we have joe terranova and melissa. let's take a look premarket session has gone ongoing up now indicated the dow up 75. the nasdaq indicated up 26 in the s&p indicated up 10. i'll take a quick look at yields, but there's some scuttlebutt that an interview with gary cohn where mr. cohn says i'm reluctant to resign i've been under enormous pressure to both stay and resign, but i'm reluctant, i've got things i want to do is basically what he said and markets seem to be ticking up as that interview -- >> rightfully so. >> -- became publicized. and you would say rightfully so. gary cohn is a good man to have there in terms of dealing with the financial markets. those of us that actually know gary cohn know him to be
thoughtful, gracious and someone that understands financial markets and his presence in that administration is incredibly important to wall street. >> not the first time someone that had street cred was enormously healthy, remember robert reuben when he came in with the clinton administration, it buys you respectability. >> 100%. because there will at some point be an economic crisis and to have gary in the room -- >> hank paulsen. >> exactly >> sounds like i'm -- a who's who of goldman. >> it is basically. >> jim cramer from goldman. >> exactly. >> he'd be great in the administration >> i don't think that's happening any time soon. you know, he's outspoken, but compared with president trump maybe he, you know, maybe there is a place for that in politics nowadays any way, hurricane harvey is gaining strength it is now a category 2 hurricane. let's get an update on the
storm's path from wvit meteorologist kaitlyn mcgrath joins us now good morning. >> hey there the texas gulf coast is already starting to feel the impacts from harvey, some of the outer convective bands already starting to push their way onshore with the heart of harvey just to the south and east of corpus christi, texas. right now sustained winds at 110 miles per hour, just one miles per hour away from being a major category 3 storm now, we have a number of hurricane warnings in place across much of the texas gulf coast. also, a storm surge warning in effect from parts of galveston down through corpus christi, really the majority of the texas gulf coast the only exception is trinity and galveston bay and down through ports manfield area south, that's where we have a storm surge watch in effect. now, on top of the 6 to 12 foot storm surge incredible rainfall totals are expected between 15 to 25 inches for many areas. localized up to 35 inches. you can really see where the heart of that rainfall will be
now, keep in mind once the storm surge moves in and this rainfall totals continue to accumulate, the rain is not goingto have anywhere to go so flooding is a major concern as harvey continues to work its way toward the texas gulf coast. and the reason the rainfall totals are so high, it's really not going to move. it's going to linger just close enough to the gulf of mexico to keep filtering in that warm water to sustain the hurricane not only sustain it but keep it as a strong hurricane, a category 3 hurricane once it makes landfall it will slowly continue to weaken as we head through the weekend and start of next week. but overall this rain is going to really stick around once it moves in so flooding remains the primary concern as we continue to track harvey back to you. >> all right thank you. a number of refiners appear to be in harvey's path on the texas and western louisiana coast. jackie deangelis joins us now from corpus christi, texas hi, jackie. >> reporter: good morning to you, melissa well, we're certainly keeping an eye on the refineries, but the latest out from the national hurricane service an advisory to people in middle texas, if you're making those hurricane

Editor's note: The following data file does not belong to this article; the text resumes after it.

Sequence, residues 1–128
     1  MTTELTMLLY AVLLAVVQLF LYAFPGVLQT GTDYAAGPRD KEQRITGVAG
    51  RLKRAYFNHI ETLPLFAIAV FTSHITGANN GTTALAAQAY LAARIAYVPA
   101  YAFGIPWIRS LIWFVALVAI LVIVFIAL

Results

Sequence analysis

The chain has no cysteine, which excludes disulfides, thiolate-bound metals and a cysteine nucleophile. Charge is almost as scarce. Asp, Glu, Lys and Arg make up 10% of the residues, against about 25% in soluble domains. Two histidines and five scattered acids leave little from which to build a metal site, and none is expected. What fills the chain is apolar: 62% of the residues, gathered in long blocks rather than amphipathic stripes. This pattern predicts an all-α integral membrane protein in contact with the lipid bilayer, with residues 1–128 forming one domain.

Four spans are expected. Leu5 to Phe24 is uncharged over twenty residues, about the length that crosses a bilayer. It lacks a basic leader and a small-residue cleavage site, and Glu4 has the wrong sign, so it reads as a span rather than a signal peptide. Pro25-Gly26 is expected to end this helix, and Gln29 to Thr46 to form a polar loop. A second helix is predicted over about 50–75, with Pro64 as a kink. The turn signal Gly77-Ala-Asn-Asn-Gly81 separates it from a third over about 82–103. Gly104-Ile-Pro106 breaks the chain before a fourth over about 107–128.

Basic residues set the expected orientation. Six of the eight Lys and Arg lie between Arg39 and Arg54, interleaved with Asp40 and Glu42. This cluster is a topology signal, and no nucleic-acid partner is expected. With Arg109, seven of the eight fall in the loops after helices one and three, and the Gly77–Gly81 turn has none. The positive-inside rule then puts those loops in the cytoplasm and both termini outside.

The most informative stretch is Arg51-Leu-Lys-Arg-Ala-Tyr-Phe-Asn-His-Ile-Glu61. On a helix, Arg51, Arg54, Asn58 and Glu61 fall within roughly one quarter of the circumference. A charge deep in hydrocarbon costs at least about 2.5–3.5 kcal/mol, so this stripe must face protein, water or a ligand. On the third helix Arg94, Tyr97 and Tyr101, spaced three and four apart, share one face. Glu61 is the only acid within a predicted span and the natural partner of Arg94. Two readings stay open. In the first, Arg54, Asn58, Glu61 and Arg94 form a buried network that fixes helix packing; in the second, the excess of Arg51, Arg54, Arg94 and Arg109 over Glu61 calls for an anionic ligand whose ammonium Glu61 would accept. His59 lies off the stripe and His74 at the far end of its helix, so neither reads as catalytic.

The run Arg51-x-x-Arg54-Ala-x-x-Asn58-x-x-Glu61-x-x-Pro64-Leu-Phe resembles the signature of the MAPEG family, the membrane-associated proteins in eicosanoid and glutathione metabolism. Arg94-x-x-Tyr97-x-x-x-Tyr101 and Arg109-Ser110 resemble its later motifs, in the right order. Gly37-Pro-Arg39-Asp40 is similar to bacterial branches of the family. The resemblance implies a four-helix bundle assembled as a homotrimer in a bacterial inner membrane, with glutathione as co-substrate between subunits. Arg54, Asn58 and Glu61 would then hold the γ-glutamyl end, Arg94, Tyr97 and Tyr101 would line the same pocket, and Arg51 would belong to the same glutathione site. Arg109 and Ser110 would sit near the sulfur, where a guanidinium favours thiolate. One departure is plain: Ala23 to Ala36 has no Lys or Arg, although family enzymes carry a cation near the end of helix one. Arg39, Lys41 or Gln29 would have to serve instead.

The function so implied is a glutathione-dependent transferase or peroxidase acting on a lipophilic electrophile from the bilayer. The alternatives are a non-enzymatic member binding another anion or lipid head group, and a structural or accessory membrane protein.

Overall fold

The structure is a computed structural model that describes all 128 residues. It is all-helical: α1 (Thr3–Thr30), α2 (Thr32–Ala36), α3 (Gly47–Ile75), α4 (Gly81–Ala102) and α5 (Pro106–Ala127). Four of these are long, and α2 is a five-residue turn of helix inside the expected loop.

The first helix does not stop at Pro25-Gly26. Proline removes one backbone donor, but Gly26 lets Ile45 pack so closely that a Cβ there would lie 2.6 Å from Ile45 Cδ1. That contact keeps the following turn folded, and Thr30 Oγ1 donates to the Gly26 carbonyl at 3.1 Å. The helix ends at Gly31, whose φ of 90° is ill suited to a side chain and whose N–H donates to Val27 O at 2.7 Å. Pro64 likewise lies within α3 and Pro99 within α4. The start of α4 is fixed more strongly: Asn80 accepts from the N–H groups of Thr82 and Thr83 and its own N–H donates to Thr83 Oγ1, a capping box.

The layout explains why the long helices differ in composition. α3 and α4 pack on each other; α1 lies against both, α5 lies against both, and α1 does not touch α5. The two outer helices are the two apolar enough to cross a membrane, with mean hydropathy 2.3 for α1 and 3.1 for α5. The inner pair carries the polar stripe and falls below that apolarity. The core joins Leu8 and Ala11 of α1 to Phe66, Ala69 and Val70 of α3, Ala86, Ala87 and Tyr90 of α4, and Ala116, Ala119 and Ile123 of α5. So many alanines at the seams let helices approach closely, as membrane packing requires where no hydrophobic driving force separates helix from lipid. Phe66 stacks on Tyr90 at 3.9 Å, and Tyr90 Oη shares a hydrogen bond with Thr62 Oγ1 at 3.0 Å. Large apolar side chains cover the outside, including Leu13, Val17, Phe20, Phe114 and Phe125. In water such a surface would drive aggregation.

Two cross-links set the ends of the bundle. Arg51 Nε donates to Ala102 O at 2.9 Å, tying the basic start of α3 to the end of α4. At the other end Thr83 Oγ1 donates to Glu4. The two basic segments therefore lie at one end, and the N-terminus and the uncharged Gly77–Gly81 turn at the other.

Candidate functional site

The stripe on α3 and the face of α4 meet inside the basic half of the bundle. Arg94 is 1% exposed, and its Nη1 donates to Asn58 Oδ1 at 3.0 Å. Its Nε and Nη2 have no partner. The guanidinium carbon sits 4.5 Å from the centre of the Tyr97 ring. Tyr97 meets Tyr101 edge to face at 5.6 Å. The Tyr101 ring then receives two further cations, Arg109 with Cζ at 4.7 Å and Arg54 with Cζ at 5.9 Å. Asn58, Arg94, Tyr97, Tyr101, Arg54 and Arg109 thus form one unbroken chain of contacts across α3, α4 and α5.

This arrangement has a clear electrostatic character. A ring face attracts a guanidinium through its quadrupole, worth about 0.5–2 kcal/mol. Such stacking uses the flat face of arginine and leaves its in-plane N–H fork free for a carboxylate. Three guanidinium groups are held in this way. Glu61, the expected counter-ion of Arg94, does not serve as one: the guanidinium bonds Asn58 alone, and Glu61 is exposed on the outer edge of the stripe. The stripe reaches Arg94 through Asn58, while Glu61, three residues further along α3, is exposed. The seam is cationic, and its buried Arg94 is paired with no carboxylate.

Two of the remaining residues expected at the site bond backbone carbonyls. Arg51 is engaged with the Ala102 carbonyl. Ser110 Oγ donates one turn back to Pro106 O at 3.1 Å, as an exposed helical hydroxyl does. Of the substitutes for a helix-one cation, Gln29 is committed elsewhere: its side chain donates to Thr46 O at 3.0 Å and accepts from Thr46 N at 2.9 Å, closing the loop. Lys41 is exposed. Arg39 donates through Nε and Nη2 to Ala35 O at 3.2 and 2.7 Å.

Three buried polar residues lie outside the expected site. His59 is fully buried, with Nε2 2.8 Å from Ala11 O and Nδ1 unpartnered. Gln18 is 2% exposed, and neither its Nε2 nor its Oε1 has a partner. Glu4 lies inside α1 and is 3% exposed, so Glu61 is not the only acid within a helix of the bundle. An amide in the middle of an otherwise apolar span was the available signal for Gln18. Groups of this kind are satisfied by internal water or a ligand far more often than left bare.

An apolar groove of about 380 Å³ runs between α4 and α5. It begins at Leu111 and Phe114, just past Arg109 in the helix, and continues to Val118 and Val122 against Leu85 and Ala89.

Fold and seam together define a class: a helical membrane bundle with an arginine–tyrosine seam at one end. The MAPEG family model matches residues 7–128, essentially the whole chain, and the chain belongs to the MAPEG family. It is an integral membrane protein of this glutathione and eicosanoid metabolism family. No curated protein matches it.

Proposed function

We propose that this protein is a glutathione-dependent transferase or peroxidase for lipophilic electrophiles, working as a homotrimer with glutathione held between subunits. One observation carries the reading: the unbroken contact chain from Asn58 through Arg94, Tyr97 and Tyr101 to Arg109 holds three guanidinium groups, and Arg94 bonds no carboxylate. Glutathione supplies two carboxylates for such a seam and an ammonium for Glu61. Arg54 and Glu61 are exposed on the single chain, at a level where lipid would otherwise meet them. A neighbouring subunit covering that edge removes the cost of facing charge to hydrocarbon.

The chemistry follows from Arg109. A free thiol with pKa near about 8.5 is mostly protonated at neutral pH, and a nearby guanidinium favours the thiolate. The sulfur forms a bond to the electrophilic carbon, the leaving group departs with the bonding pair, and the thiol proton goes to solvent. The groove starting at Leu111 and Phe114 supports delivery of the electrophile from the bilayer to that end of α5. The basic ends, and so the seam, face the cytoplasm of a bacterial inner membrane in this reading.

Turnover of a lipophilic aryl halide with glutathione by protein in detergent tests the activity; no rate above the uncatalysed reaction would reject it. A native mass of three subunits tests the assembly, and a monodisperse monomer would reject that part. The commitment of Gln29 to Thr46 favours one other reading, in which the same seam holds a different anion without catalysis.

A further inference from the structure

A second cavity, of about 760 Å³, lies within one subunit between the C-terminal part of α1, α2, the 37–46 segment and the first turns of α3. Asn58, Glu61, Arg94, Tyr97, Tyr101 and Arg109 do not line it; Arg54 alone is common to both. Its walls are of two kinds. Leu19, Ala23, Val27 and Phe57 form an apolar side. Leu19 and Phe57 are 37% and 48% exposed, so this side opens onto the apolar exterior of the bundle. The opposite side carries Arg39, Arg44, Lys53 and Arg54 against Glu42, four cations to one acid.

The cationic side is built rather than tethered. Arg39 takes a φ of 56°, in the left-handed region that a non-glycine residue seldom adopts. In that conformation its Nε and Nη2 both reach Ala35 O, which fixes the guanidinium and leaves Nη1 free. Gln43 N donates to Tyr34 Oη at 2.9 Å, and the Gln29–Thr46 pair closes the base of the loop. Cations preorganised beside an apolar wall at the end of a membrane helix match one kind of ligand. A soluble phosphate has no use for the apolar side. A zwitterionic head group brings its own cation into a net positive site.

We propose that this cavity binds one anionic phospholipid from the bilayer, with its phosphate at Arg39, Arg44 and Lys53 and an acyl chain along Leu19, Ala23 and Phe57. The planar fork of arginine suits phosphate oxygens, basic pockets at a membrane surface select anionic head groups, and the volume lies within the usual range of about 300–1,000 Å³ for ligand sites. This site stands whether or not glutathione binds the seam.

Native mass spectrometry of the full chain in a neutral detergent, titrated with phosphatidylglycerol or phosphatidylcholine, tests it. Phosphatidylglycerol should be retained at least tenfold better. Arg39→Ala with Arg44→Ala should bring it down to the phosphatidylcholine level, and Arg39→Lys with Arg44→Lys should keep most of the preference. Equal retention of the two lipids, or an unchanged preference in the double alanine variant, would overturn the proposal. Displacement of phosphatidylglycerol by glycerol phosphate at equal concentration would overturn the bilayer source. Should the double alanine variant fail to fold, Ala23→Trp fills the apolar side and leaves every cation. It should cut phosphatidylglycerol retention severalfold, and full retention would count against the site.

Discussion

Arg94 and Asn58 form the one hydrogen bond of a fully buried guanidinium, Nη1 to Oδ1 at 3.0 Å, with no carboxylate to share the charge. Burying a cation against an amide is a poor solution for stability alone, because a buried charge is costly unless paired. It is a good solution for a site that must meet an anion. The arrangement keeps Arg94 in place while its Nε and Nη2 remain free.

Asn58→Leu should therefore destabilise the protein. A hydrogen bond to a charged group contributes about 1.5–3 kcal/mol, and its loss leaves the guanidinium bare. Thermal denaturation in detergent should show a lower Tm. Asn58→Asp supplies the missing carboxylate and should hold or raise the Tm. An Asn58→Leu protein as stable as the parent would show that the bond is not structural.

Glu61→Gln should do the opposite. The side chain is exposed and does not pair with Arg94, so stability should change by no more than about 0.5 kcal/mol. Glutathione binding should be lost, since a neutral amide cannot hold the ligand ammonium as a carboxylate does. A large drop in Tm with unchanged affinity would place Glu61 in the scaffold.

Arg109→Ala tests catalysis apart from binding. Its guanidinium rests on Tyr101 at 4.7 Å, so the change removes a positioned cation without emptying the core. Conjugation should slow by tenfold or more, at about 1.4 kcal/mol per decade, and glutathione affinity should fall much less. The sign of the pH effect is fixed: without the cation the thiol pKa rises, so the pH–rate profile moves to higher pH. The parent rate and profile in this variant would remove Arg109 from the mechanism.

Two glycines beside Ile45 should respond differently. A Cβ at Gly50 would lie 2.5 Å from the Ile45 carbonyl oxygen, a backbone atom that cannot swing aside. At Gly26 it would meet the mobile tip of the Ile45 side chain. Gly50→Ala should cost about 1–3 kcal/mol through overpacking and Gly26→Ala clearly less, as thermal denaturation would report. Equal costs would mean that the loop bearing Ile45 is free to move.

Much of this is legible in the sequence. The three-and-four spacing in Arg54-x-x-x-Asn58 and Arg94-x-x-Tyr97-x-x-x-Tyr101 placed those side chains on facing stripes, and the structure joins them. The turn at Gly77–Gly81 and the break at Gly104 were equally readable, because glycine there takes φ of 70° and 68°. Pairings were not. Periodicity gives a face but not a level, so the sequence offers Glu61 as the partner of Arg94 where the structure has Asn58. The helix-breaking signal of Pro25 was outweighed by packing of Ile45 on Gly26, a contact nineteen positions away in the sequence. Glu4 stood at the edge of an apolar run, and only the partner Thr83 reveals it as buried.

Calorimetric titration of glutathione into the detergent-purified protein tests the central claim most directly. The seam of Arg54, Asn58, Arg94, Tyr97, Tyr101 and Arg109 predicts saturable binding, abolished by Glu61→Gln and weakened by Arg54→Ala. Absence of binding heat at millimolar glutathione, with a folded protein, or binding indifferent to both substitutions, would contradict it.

preparations, make them faster, speed it up. and i'll tell you, from being here on the ground as day is breaking, the rain is definitely a lot steadier than it was earlier this morning and this wind is really starting to kick up now, the observations that we've made just around here in corpus christi, people are starting to board up houses, hotels, businesses we saw some signs that said we are closed on friday you're seeing those sandbags at the door to protect some of those entryways. and tape across the windows potentially those gusts that were mentioned could be 125 miles per hour you don't want the windows to start shattering we also took stops in town and saw that people are starting to stock up on supplies like food and water. some places are running out of those things walmart actually outside of corpus christi not so much in harm's way, a lot of empty shelves and hard to find even one bottle of water. so we're watching what's happening here on the ground, guys we're going to bring you more
updates. >> jackie, thank you finally got light where she is it was kind of a cool shot earlier, looking at the waves roll in at predawn for more on the hurricane's potential disruption, roger gunther at the port of houston he's the executive director, joins us on the squawk newsline. roger, when did you get the last update and is anything changed? and specifically exactly what are we expecting now for houston? >> well, good morning. and we've been monitoring this the last update on the weather is what we're hearing exactly what we heard just now sounds like it's bearing down toward the lower texas coast and the corpus christi area however this is going to be a -- this is a big storm. it's going to be a lengthy event for all of us. we're expecting a lot of rain here in houston for several days and likely to start seeing some